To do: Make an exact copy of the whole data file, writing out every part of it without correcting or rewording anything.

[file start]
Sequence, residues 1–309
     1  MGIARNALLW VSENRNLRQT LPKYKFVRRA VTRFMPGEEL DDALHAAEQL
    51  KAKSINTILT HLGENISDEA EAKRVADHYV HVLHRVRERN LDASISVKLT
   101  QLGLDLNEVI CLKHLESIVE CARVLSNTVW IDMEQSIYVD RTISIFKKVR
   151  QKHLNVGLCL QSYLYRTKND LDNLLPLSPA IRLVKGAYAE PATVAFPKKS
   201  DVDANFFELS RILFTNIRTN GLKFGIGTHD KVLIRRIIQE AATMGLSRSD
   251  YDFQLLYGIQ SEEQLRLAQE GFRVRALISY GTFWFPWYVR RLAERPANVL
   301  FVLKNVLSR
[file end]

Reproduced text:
Sequence, residues 1–309
     1  MGIARNALLW VSENRNLRQT LPKYKFVRRA VTRFMPGEEL DDALHAAEQL
    51  KAKSINTILT HLGENISDEA EAKRVADHYV HVLHRVRERN LDASISVKLT
   101  QLGLDLNEVI CLKHLESIVE CARVLSNTVW IDMEQSIYVD RTISIFKKVR
   151  QKHLNVGLCL QSYLYRTKND LDNLLPLSPA IRLVKGAYAE PATVAFPKKS
   201  DVDANFFELS RILFTNIRTN GLKFGIGTHD KVLIRRIIQE AATMGLSRSD
   251  YDFQLLYGIQ SEEQLRLAQE GFRVRALISY GTFWFPWYVR RLAERPANVL
   301  FVLKNVLSR